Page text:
News or whatever is masquerading as news gets out faster.The faster it circulates, the more it assumes the status of truth.  The fuddy-duddy MSM will have go through all the lines of checks to suss out the facts. In the meantime, it is hit by barbs about being slow, late or self-censorship. Still journalistic standards must be held. Like who is really the person behind that email handle (real name, age, sex and occupation please). Is the so-called source a real source or a massive fraud? Is the picture doctored? If not, what is the source of the picture – who took it, when and where? Should this or that Internet poll be trusted or should you just poll people yourself? Is that really the person’s view or is someone else using his name? Does the fellow have an agenda, something to lobby for, axe to grind?

Only when all the bases are covered does something online make it into MSM. Tedious but necessary. Because people (most I believe) trust that what makes it into print is credible. It’s not as though MSM hasn’t broken great stories because of stuff online. Remember graffitti on MRT train? It came from a video posted online. ST, which broke the story, got the fellow who posted it, checked with police, SMRT and all manner of sources before deciding to run the story. And what a story!

Ironically it was about SMRT….

So MSM fails on several levels over the Stomp fiasco. Frankly, Stomp is just a collection of pictures contributed by people. And what gets posted should remain just that – contributions online. To get something from online to offline, those checks must kick in.

Yet, newspapers still carried that Stomp picture first. I don’t know why. Obviously, they didn’t think about the source of the picture, who posted it, and whether there is really any chance that doors can be left open while a train is moving. Hold your horses, hold the story, get the full story from source, wait for SMRT to check – and the story should not even have seen the light of day. It would have been another instance of MSM doing its checks, found the story false and not worth publishing.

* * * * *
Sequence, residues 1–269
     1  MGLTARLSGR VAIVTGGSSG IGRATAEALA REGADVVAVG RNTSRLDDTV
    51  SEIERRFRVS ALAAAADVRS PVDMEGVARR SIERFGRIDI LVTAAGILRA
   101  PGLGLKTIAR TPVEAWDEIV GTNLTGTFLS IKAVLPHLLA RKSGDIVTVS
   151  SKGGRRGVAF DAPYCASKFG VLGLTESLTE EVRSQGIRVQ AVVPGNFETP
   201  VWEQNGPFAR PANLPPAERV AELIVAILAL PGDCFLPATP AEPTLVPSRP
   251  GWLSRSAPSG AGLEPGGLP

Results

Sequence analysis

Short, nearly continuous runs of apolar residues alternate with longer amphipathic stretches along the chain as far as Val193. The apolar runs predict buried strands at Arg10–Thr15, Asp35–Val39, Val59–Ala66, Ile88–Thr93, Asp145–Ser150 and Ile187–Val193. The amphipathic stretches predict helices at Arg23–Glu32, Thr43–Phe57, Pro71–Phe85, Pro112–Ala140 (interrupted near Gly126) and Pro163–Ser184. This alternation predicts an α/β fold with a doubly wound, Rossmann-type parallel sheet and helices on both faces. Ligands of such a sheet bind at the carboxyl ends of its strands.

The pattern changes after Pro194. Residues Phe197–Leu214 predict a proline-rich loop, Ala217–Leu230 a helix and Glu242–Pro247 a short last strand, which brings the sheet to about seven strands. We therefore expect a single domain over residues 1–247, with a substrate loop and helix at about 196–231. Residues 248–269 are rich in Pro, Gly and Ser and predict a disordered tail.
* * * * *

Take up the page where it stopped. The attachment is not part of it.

Of course, if in the process, if it found its own staffers wanting, then disciplinary measures should kick in. Sack people. Demote. Suspend. Remove bonuses. Clean up the house. And heave a sigh of relief that you weren’t publish-happy.

I am terribly upset over the Stomp fiasco. Anyone who is or has ever been a journalist should be. Ethical standards have to be maintained, ingrained in all levels of journalists if I am to trust whatever MSM is saying. It’s wrong to fake stuff. And its wrong to let stuff through without checking. It’s not just Stomp which should clean house, the newspapers have to do the same too. Social media has made life harder, but really the checks are still the same. Maintain them.

  1. I wonder how many people remember the Toh Chin Chye episode. It happened such a long time ago. Frankly speaking, SPH newspapers shouldn’t think in terms of scoops since they have a captive market. What matters is credibility, which. all said and done, SPH publications have. By the way, I am enjoying reading about your experiences as a former Straits Times/TNP editor. Won’t you be writing about Project Eyeball too?

    • Hello Abby,
      I won’t bring up the past unless it’s relevant to the present. So I guess Project Eyeball remains in the outer realm of consciousness.